ASC Reopening Task Force – Notes from Meeting March 4, 2021

ToDo’s

All – Mark calendars for next meeting, April 29th at 5:00.

Attendees: George Carvill, Peter Gibbons, Jamie Gibson, Leslie Kinney, Steve Squires, Rev. Telos Whitfield

This was our first meeting since November, at which time we hashed out guidelines for the Holiday Bazaar. Since then, although vaccinations are rapidly being administered, it is too early to make any changes. Neither the State of Vermont nor the UUA guidelines have changed in any way that affects us.

Peter updated us on the science, which actually looks very promising.  The caution is that vaccination can be a long process. The Moderna shots require four weeks between shots and two weeks after the second shot for full immunization. The Pfizer shot is three weeks between shots and two weeks after. It will be a few months yet before the vaccine rollout includes all age groups and all reach full immunization.

We discussed two upcoming events: the spring CleanUp day scheduled for April 17th, and the Welcome Spring fair on April 24th. We recommended that the board adopt the same guidelines used for the Holiday Bazaar in December.  Leslie will present this to the board.

—————–

ASC Reopening Task Force – Notes from Meeting October 29, 2020

ToDo’s

Steve- write up recommendations to board regarding holiday bazaar

All – mark calendars for next meeting: Thursday Nov 12, 5PM

Attendees: George Carvill, Peter Gibbons, Jamie Gibson, Leslie Kinney, Steve Squires, Rev. Telos Whitfield

The Arts Committee requested our input on a possible art opening, with use of foyer and possibly hallway into west wing.  No refreshments.  So long as they follow existing protocols (max of 20 indoors, 20 outdoors, masks, 6 foot social distancing, sign-in/sign-out), we have no objections.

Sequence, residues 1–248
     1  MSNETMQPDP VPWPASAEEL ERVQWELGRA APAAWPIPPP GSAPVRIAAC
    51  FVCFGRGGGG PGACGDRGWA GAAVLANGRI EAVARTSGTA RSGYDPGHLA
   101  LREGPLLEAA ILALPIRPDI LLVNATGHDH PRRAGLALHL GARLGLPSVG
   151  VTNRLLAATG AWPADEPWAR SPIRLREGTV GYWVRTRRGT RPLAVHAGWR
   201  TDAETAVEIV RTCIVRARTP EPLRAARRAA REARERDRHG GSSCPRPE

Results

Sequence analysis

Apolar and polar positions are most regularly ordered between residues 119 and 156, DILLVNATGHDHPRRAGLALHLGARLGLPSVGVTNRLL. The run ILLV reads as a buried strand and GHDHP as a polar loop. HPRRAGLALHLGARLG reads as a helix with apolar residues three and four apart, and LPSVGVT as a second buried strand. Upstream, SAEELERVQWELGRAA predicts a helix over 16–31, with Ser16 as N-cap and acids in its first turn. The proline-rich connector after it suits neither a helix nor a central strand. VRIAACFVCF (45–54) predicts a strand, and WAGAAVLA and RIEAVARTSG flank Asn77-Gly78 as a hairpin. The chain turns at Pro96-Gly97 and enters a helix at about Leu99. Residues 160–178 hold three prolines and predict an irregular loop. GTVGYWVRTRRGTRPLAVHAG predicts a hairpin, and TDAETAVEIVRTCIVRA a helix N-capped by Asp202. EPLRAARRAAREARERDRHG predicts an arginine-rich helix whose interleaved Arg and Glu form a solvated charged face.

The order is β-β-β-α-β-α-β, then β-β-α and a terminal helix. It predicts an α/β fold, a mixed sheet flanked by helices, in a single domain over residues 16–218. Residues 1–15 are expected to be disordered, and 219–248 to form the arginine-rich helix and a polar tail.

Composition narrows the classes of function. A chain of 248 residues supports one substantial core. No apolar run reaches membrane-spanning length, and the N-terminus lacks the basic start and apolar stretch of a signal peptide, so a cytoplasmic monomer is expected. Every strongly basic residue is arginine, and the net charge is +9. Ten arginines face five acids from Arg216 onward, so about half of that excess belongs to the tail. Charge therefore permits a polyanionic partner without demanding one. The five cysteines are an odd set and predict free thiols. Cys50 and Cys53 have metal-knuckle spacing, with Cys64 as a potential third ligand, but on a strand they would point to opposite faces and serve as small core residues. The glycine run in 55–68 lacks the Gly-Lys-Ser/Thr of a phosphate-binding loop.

The Holiday Bazaar group is requesting a few exceptions for their event, which were discussed and will be recommended for approval by the board. We understand that the entire Bazaar will be held outdoors, and that patrons will generally not be entering the building (aside from inevitable bathroom visits). These recommendations apply only to the Bazaar, as a one-time event.

1 – the Bazaar may use the kitchen for minimal reheating of food, making coffee, etc.

  • maximum of 3 people (masked) in the kitchen, maintaining proper social distancing, and mostly staying at their respective  work stations.
  • the exhaust fan should be kept running for the duration, for better ventilation
  • No customers in or near the kitchen.

2 – The Bazaar may allow up to 30 people outdoors (up from the usual 20), in recognition that many of these slots will be taken up by volunteers staffing the tables, and that customer flow is not easily controlled. Masks and social distancing are required.

3 – The Bazaar shall assign a person to be in charge of Covid-19 safety compliance

We discussed the current uptrend in Covid cases, which even here in relatively safe Windham County is approaching the 35 cases per 10,000 population stated as a Precondition in the current Phase 2 Reopening Plan.  Much has been learned about Covid transmission since first adopting that language, and we now already doing what we need to do to help contain the pandemic. We decided to recommend raising that number to 45, still a useful trigger to spur us to reconsider if the situation deteriorates further.

Steve suggested several technological approaches to consider, as the church finds ways to hold mixed gatherings of in-person and Zoom attendees.  Good news: the in-person bazaar crafters have successfully used several of their own smartphones to see (and be seen by) the Zoom attendees, without encountering serious bandwidth or acoustic feedback issues. The live attendees are presumably facing each other, with their phones (and microphones) facing them and thus outwards, away from other phones.

It may sometimes be useful to use a projector to display a Zoom screen where many people could see it. It may be helpful to have a set of computer speakers available, which can be much louder and of higher quality than those in laptops or smart phones. Microphones are a challenge, since passing them around violates safe distancing, and a central omnidirectional microphone may or may not be good enough to pick up the voices of masked people at a distance, well enough for Zoom attendees to hear clearly.